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Don’t Be Taken Captive

Iker Casillas is arguably one of the greatest goalkeepers to have played the game of soccer. In the 2013–2014 playoffs in Spain, Casillas became the first goalkeeper in history not to allow a goal for the entire eight-game tournament. That level of perfection takes constant vigilance. You cannot take your eyes off the game for a moment.

In today’s passage, Paul warned the Colossian church to be on guard, to keep their eyes on the game. Paul was concerned that they would be taken captive by “hollow and deceptive philosophy” (v. 8). Paul didn’t mean that someone would literally imprison them. Rather, his concern was for something far more dangerous. There were false teachers who wanted to entrap the Colossians in ways of thinking and living that were opposed to the gospel they had received. That same threat is certainly true today.

The problem with false teaching is that it “depends on human tradition and the elemental spiritual forces of this world rather than on Christ” (v. 8). This philosophy sounds enticing. It is based on the best human reasoning and is empowered by spiritual forces. But no matter how attractive it may appear, it cannot compare to the message we have heard from Christ.

Paul reminded the church that Jesus is God in the flesh (v. 9). The message about Christ they had received was from a far greater authority than any “human tradition.” Even more, they knew the power of Christ first-hand. Once you have come to know who Jesus is and what He has done, there is no reason to look anywhere else for meaning or purpose in life. Paul exhorted the church as if saying, “Stop looking around to other beliefs and ways of life, everything you need is found in Christ.”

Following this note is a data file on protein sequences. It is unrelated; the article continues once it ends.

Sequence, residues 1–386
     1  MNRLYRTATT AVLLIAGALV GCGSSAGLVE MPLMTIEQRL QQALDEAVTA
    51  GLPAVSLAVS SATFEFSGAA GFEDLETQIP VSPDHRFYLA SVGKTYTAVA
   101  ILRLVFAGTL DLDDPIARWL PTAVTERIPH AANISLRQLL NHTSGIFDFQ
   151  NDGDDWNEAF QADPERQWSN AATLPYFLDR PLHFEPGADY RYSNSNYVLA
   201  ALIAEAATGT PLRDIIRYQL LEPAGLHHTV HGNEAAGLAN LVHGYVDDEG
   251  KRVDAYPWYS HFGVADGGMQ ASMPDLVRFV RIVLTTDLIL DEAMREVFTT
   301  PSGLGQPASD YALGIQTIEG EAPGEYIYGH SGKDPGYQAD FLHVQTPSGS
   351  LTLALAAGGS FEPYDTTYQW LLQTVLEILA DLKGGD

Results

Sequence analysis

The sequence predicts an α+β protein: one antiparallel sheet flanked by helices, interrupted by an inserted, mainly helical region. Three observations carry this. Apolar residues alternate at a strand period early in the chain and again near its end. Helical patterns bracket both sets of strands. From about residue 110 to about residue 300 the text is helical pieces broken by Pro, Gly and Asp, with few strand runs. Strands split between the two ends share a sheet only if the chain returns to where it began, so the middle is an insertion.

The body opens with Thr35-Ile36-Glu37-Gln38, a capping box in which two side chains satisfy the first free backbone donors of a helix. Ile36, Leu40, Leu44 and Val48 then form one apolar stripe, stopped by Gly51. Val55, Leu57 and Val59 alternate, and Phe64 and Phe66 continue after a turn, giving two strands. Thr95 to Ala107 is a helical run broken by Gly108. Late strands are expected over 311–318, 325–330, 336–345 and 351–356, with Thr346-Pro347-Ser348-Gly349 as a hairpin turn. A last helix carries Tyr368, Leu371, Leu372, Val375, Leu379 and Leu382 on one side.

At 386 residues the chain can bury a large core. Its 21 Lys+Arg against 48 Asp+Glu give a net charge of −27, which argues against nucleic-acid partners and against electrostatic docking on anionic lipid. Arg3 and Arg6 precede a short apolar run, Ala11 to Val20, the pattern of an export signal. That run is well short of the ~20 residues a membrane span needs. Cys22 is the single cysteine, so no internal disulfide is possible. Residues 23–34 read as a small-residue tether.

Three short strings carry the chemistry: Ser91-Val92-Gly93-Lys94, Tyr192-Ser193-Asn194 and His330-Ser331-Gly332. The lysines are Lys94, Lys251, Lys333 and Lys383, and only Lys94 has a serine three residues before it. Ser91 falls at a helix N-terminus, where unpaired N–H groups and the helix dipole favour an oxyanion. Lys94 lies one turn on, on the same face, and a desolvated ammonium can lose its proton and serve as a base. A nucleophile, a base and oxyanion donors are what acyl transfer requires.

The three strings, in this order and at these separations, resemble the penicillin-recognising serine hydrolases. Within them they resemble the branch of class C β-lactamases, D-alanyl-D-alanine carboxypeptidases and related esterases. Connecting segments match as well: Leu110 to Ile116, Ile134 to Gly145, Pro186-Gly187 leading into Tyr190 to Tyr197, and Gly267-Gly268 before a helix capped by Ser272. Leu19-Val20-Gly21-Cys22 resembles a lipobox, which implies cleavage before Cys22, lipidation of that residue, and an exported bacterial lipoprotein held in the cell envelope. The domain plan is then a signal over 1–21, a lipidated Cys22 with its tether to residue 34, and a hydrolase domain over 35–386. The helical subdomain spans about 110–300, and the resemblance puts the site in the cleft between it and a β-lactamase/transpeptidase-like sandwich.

Apply the Word

Just like the Colossian church, it is tempting for us to look to human tradition to tell us how to think and what to believe. It can be easy to agree with the surrounding culture that the best life is found by pursuing comfort, ease, and safety. Paul warns us to find our values and priorities by keeping our focus on Christ, not on the world around us.

BY Ryan Cook

Dr. Ryan Cook has taught at Moody Bible Institute since 2012. He earned his bachelor of arts in Bible and Theology from Moody and his master of arts in Old Testament from Grand Rapids Theological Seminary. He has worked in Christian education and served as a pastor in Michigan for seven years. During his time as a professor at Moody, he earned his doctorate from Asbury Theological Seminary. He now lives with his wife, Ashley, and their three children in the Chicagoland area.

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